I named the restaurant “Kalaya” after my mother because … She is everything, for me. She worked very hard to put me and my brothers where we are, she sacrificed everything for us. When I told her I was naming the restaurant after her she said, ‘Will people like it?’ But when I told her we won the Best of Philly, she was so proud.

I will never pay people under minimum wage because … people who make food for others should never be hungry. When we opened, I struggled to keep dishwashers, and I realized it was because they weren’t being paid enough. So we started paying them more, and training them in other areas of the kitchen, and now people stay for much longer. I’m lucky that I don’t have high turnover.

I like bad Yelp reviews because … They keep me grounded.


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I don’t wear chef whites because … for me clothing is not just fashion, it’s a way of life. I never wanted to be ordinary. Austin (the manager at Kalaya) walked in one day and I was wearing my Issey Miyake jumpsuit and I was making dumplings, and he said ‘You are not cooking in this outfit’ and I said ‘Yes, I am.’ I believe in not you are what you eat, but you are what you wear. What I’m going to wear that day gets me excited to get up and go to work.

The secret to cooking in couture without making a mess is … I make a mess sometimes. I don’t wear an apron, but that’s what it’s meant to be, the clothes are meant to be worn. I appreciate good stuff but not to hang it in my closet. You have to use it.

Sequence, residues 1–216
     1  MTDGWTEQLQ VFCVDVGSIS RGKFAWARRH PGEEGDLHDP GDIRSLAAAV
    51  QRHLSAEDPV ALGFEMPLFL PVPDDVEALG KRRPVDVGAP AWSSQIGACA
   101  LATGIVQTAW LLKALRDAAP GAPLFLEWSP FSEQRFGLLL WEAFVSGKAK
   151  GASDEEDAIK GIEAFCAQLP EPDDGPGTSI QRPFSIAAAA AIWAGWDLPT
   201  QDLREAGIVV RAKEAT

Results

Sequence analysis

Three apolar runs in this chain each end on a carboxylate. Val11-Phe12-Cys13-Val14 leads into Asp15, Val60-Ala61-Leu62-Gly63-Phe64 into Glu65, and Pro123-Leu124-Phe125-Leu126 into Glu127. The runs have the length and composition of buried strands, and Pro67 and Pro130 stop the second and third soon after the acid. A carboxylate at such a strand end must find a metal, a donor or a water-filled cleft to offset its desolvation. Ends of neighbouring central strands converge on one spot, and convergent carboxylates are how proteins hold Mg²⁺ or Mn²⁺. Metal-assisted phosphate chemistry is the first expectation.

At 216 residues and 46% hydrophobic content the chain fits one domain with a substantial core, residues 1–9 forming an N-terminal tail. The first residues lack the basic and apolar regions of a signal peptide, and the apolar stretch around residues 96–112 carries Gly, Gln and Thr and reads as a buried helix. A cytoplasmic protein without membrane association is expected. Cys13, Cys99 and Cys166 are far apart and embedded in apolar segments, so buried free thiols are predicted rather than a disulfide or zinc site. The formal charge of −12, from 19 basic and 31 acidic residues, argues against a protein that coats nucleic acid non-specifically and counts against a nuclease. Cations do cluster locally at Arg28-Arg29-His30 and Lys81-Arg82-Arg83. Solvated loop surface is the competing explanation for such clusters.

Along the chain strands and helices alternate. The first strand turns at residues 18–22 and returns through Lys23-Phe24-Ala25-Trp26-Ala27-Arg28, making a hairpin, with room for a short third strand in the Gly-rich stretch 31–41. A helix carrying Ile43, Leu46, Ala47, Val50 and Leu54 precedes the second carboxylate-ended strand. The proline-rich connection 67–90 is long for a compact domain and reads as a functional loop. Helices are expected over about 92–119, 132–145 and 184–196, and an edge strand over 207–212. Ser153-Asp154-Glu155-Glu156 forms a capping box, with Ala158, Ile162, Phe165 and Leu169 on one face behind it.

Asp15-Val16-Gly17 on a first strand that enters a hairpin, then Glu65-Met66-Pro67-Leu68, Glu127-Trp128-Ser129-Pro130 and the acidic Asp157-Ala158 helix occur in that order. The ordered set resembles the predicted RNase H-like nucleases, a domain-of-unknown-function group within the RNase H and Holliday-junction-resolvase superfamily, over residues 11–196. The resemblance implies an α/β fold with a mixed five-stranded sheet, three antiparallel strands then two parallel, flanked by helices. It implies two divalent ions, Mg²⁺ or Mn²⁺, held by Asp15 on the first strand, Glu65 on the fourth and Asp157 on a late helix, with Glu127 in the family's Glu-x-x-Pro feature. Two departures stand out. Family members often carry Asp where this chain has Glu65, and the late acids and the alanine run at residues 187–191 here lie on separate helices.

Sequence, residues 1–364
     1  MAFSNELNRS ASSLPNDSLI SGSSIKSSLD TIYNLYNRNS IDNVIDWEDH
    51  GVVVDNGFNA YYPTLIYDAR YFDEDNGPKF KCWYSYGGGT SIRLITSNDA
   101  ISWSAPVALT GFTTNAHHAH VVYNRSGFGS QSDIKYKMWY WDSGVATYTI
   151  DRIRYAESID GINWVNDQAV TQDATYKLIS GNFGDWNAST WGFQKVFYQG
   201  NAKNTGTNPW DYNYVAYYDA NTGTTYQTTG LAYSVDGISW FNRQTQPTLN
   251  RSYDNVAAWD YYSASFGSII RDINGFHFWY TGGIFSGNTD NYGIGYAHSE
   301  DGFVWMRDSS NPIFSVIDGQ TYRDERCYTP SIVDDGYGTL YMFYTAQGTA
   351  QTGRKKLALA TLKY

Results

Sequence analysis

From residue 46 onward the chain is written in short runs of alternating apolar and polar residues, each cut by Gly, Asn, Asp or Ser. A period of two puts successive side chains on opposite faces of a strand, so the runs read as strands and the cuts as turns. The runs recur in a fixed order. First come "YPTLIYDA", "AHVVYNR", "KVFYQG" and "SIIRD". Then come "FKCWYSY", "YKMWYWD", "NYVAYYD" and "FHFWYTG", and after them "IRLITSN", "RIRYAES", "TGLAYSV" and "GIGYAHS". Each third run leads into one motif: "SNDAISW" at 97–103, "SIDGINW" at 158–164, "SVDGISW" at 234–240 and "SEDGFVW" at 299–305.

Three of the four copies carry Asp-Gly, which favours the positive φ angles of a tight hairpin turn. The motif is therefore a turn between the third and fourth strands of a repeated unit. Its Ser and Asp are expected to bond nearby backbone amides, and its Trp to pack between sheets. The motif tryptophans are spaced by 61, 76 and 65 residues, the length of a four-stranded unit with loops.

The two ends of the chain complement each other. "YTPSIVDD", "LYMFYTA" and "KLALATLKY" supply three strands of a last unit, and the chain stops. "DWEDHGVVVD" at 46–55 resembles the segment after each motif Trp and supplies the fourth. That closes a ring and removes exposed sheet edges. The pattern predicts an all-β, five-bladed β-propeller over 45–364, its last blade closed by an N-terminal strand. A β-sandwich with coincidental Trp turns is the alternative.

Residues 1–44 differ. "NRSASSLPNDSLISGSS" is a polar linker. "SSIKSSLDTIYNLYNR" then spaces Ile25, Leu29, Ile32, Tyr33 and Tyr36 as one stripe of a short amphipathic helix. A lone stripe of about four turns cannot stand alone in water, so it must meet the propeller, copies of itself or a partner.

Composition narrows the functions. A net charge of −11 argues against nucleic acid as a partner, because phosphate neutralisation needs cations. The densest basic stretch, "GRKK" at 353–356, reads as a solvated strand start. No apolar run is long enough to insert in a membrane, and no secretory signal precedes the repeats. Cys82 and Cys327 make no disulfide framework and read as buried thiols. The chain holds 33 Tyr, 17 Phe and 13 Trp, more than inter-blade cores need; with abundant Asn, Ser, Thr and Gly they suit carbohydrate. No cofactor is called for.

In Philly I shop at … a lot of consignment stores. I get most of my clothes from a buyer in Japan. I’ve been collecting Issey Miyake for over twenty years, because I love his work. I love the structure and the laser cuts. My first big purchase was a crocodile leather handbag from Hermes that I bought in Paris over 20 years ago.

My favorite restaurant in the city is … Fiore Fine Foods. I love Fiore, I keep telling Justine [MacNeil, co-owner of Fiore Fine Foods] that she is one of the most talented cooks in the city. I also love Zeppoli, Hungry Pigeon. Royal Sushi Izakaya and Little Fish when I want some good fish.

If you think my food is too spicy … you’re eating it wrong. The toasted beef curry is very spicy, but you’re not supposed to have just that. You should have a little toasted beef, then a bite of papaya salad, maybe some cucumbers, eat some rice. It has to be balanced. In Southern Thai food, we eat peppers, we eat chilis, but we don’t eat it until we get sweaty and die. We eat it because peppers help open up your appetite. Plus, it’s healthy and good for your digestion. It’s a way of living that we’re bringing to you here.

To everyone who thinks Thai food has to be super-cheap, I say … This is my cuisine, it is my integrity. It’s not just food, it’s my culture, and my memories. This food has not just been cooked yesterday, it’s been cooked in my family for a thousand years. People are pretty open-minded now and our job from the moment you walk in the door is to show you what Thai food can be, and if it works, you’ll come back.